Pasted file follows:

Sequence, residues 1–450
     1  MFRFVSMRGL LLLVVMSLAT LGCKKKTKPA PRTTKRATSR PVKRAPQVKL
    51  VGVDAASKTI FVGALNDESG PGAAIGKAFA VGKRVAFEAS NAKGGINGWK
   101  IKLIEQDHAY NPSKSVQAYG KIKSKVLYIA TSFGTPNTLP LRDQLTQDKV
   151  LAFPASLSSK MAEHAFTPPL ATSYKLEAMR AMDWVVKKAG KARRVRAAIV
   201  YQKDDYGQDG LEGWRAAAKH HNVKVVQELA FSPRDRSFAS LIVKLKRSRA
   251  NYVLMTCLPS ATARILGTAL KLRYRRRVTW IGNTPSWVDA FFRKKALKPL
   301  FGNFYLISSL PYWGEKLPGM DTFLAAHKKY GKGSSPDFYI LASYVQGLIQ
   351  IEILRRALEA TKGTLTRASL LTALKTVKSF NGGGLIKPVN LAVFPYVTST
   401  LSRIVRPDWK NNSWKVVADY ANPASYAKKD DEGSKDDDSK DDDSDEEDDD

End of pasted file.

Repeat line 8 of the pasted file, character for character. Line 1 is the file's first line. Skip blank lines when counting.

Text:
   301  FGNFYLISSL PYWGEKLPGM DTFLAAHKKY GKGSSPDFYI LASYVQGLIQ